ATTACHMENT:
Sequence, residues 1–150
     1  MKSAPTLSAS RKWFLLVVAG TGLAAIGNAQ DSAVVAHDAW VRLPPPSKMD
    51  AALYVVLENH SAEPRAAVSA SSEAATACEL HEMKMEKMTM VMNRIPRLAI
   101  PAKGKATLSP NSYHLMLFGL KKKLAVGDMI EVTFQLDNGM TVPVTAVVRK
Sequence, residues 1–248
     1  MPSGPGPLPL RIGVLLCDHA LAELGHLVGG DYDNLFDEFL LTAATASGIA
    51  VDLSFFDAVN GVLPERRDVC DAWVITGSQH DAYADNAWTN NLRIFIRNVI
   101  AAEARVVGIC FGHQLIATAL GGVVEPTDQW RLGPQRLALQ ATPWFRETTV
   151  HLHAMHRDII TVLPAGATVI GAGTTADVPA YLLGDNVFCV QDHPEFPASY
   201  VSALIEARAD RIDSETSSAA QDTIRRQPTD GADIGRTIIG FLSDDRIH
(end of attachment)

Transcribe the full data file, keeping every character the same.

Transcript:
Sequence, residues 1–150
     1  MKSAPTLSAS RKWFLLVVAG TGLAAIGNAQ DSAVVAHDAW VRLPPPSKMD
    51  AALYVVLENH SAEPRAAVSA SSEAATACEL HEMKMEKMTM VMNRIPRLAI
   101  PAKGKATLSP NSYHLMLFGL KKKLAVGDMI EVTFQLDNGM TVPVTAVVRK
Sequence, residues 1–248
     1  MPSGPGPLPL RIGVLLCDHA LAELGHLVGG DYDNLFDEFL LTAATASGIA
    51  VDLSFFDAVN GVLPERRDVC DAWVITGSQH DAYADNAWTN NLRIFIRNVI
   101  AAEARVVGIC FGHQLIATAL GGVVEPTDQW RLGPQRLALQ ATPWFRETTV
   151  HLHAMHRDII TVLPAGATVI GAGTTADVPA YLLGDNVFCV QDHPEFPASY
   201  VSALIEARAD RIDSETSSAA QDTIRRQPTD GADIGRTIIG FLSDDRIH